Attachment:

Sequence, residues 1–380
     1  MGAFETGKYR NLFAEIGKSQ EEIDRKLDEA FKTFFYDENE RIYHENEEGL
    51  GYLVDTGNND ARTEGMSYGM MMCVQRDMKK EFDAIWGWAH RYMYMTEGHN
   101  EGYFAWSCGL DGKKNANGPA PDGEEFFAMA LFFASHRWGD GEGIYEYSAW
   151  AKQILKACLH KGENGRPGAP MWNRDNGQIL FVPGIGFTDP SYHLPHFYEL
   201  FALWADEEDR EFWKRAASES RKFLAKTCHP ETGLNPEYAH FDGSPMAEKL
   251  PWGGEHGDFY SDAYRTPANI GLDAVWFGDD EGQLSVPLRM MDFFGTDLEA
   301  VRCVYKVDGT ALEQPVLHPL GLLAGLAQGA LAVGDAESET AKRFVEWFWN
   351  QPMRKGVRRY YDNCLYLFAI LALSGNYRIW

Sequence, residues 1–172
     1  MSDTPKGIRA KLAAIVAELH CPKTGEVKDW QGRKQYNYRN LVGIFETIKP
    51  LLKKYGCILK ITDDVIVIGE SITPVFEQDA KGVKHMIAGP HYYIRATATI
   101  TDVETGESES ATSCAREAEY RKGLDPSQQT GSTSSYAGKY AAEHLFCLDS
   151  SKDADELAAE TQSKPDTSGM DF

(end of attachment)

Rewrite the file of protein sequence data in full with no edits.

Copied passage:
Sequence, residues 1–380
     1  MGAFETGKYR NLFAEIGKSQ EEIDRKLDEA FKTFFYDENE RIYHENEEGL
    51  GYLVDTGNND ARTEGMSYGM MMCVQRDMKK EFDAIWGWAH RYMYMTEGHN
   101  EGYFAWSCGL DGKKNANGPA PDGEEFFAMA LFFASHRWGD GEGIYEYSAW
   151  AKQILKACLH KGENGRPGAP MWNRDNGQIL FVPGIGFTDP SYHLPHFYEL
   201  FALWADEEDR EFWKRAASES RKFLAKTCHP ETGLNPEYAH FDGSPMAEKL
   251  PWGGEHGDFY SDAYRTPANI GLDAVWFGDD EGQLSVPLRM MDFFGTDLEA
   301  VRCVYKVDGT ALEQPVLHPL GLLAGLAQGA LAVGDAESET AKRFVEWFWN
   351  QPMRKGVRRY YDNCLYLFAI LALSGNYRIW

Sequence, residues 1–172
     1  MSDTPKGIRA KLAAIVAELH CPKTGEVKDW QGRKQYNYRN LVGIFETIKP
    51  LLKKYGCILK ITDDVIVIGE SITPVFEQDA KGVKHMIAGP HYYIRATATI
   101  TDVETGESES ATSCAREAEY RKGLDPSQQT GSTSSYAGKY AAEHLFCLDS
   151  SKDADELAAE TQSKPDTSGM DF